Ana Vaz

13 Ways of Looking at a Black Bird / Apiyemiyekî? 2020, 31’ / 2019, 27’

13 Ways of Looking at a Black Bird / Apiyemiyekî?
13 Ways of Looking at a Black Bird / Apiyemiyekî?


Er is geen Nederlandse vertaling beschikbaar

Taking its title from the poem by Wallace Stevens, 13 Ways of Looking at a Blackbird is composed of a series of attempts of looking and being looked at. Beginning as a city state commission under the name and attitude of Unschool, the film became a kaleidoscope of the experiences, questions and wonders of a couple of high school students after a year of experiences with filmmaker Ana Vaz questioning what cinema can be. Here, the camera becomes an instrument of inquiry, a pencil, a song. “The film is a song you can see,” wrote one of the students in a collective constellation of phrases and drawings made during one of the workshops. The phrase is a perfect description of a film that explores a nascent ecology of the senses.

Apiyemiyekî? is a cinematographic portrait that departs from Brazilian educator and indigenous rights militant Egydio Schwade's archive – Casa da Cultura de Urubu  – found in his home at Presidente Figueiredo (Amazonas), where are currently kept over 3.000 drawings made by the Waimiri-Atroari, a people native to the Brazilian Amazon, during their first literacy experience. Based on Brazilian educator and philosopher Paulo Freire's critical pedagogy, drawings became one of the first methods for reciprocal knowledge exchange and production. During these literacy exercises, the most recurrent question posed by the Waimiri-Atroari was: why did Kamña (“the civilized”) killed Kiña (Waimiri-Atraori)? Apiyemiyekî? (Why?).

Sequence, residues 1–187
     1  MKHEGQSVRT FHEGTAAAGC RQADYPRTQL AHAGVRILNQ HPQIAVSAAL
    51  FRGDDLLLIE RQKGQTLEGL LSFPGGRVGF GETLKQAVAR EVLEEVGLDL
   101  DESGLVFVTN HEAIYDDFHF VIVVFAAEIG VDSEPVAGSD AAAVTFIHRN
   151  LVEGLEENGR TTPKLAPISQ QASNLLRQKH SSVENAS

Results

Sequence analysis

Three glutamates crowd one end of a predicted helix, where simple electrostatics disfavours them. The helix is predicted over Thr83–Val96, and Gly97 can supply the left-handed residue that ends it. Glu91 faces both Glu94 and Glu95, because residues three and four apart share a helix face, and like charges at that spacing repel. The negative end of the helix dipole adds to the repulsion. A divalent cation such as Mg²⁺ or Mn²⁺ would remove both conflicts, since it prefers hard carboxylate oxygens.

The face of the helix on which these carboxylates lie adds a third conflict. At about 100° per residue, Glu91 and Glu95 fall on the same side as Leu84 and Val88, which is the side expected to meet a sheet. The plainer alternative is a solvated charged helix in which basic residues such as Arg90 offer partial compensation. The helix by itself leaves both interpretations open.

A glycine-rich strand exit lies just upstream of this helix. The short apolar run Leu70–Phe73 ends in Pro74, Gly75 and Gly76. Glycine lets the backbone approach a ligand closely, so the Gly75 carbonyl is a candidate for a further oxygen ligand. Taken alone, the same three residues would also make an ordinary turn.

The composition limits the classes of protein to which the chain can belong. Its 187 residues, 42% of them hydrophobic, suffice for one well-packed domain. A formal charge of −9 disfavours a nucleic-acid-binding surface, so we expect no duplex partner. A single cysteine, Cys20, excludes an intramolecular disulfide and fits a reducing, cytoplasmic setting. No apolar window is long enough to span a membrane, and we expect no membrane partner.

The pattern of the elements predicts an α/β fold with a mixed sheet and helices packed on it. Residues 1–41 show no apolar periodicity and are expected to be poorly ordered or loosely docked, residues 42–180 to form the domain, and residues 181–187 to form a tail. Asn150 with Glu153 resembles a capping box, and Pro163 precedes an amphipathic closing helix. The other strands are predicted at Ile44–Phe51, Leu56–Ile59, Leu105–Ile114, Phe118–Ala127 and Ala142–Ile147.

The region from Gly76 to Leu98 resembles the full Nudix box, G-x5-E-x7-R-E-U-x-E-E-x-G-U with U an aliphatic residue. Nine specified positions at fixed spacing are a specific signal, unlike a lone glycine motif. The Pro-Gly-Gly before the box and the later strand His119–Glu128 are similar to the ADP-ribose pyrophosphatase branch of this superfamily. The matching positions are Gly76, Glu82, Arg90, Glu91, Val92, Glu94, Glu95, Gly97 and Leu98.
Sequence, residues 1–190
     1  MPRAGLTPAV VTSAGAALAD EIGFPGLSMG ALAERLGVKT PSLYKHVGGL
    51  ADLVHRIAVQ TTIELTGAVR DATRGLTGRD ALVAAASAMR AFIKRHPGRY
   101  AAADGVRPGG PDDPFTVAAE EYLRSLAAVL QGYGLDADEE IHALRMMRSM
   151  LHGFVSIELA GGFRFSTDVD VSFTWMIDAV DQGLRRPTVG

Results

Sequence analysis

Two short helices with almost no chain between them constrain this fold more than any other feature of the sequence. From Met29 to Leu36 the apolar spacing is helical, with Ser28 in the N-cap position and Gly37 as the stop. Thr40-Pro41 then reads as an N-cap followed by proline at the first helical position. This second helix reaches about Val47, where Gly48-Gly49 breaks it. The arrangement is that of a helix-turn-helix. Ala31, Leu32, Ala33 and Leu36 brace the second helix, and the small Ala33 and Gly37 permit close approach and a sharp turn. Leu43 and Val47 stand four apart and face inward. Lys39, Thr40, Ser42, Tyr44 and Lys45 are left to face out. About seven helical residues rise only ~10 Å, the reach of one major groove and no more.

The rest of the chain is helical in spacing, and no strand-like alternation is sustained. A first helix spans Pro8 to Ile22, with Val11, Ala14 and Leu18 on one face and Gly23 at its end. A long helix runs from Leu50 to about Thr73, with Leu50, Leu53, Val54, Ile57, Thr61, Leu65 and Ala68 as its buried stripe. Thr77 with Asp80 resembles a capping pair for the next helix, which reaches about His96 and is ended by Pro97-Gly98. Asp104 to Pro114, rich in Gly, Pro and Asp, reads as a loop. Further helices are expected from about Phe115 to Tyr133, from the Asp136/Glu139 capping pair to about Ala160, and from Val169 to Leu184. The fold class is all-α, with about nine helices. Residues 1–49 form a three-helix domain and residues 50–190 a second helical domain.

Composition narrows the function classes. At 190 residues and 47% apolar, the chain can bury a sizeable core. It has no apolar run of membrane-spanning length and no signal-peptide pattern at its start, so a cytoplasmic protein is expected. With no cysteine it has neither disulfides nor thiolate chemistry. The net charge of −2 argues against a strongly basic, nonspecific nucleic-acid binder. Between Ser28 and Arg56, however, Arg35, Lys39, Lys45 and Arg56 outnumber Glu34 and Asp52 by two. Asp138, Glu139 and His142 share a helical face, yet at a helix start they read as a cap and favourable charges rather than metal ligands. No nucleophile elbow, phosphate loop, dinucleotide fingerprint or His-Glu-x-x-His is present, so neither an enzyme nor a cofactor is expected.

The drawings document and construct a collective visual memory from their learning experience, perspective and territory, while attesting to a series of violent attacks the Waimiri-Atroari were submitted to during the Military Dictatorship. Apiyemiyekî? animates and transposes their drawings to the landscapes and sights that they narrate searching to echo their recurrent question and trusting that memory really is a necessary engine to build a common future.


Ana Vaz is an artist, film-maker and founder of in(ter)disciplinary collective COYOTE. Her film-poems are underpinned by experimental collages of images and sounds, discovered and produced, to reflect upon situations and contexts which are historically and geographically marked by narratives of violence and repression. Expansions or consequences of her films, her practice may also be embodied in writing, critical pedagogy, installations, film programs or ephemeral events. Her films have been screened and discussed in film festivals, seminars and institutions such as the Tate Modern, Palais de Tokyo, Jeu de Paume, LUX Moving Images, New York Film Festival - Projections, IFFR, TIFF Wavelengths, BFI, Cinéma du Réel, CPH:DOX, Flaherty Seminar, Courtisane, TABAKALERA and Doc's Kingdom. In 2015, she was the recipient of the Kazuko Trust Award presented by the Film Society of Lincoln Center in recognition of artistic excellence and innovation in her moving-image work.

Stoffel Debuysere is a curator of cinema and audiovisual arts. He is the Head of Program of the courtisane film festival and a researcher and lecturer in film-critical Studies at the KASK School of Arts in Ghent, where he obtained a PhD in 2017 with the project Figures of Dissent - Cinema of Politics, Politics of Cinema. Based in Brussels, he continues to organize various film programs and discursive events in collaboration with numerous organizations and institutions in Belgium and abroad. His current research is focused on the politics of sound in cinema and audiovisual arts.

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vr 04.03.22 - za 05.03.22

During this two-day study circle with screenings, panel discussions and lectures, you will meet several filmmakers who consider film practice as a form of space-making. How can film lead to a more radical awareness of making space? How can it offer a reflection on the daily struggles of people for whom freedom is a place? How can film undo the violent conditions and infrastructures that perpetuate oppression?